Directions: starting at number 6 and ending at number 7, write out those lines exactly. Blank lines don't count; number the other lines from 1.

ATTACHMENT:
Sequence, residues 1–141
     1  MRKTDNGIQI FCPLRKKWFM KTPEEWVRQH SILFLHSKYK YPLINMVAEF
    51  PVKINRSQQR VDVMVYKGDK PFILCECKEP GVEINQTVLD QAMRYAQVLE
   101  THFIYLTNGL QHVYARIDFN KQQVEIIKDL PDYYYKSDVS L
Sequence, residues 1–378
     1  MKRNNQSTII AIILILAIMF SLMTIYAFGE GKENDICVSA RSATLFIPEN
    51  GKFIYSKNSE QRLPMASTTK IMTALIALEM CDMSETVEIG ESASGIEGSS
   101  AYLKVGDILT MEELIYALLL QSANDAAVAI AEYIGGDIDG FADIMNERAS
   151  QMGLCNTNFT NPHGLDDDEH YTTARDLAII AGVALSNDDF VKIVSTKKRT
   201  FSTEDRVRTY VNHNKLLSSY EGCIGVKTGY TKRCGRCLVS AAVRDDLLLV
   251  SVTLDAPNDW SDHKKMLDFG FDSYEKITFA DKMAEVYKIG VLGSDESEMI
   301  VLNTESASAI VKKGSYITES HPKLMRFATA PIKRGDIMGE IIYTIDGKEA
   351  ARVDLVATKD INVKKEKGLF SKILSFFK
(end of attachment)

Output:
     1  MKRNNQSTII AIILILAIMF SLMTIYAFGE GKENDICVSA RSATLFIPEN
    51  GKFIYSKNSE QRLPMASTTK IMTALIALEM CDMSETVEIG ESASGIEGSS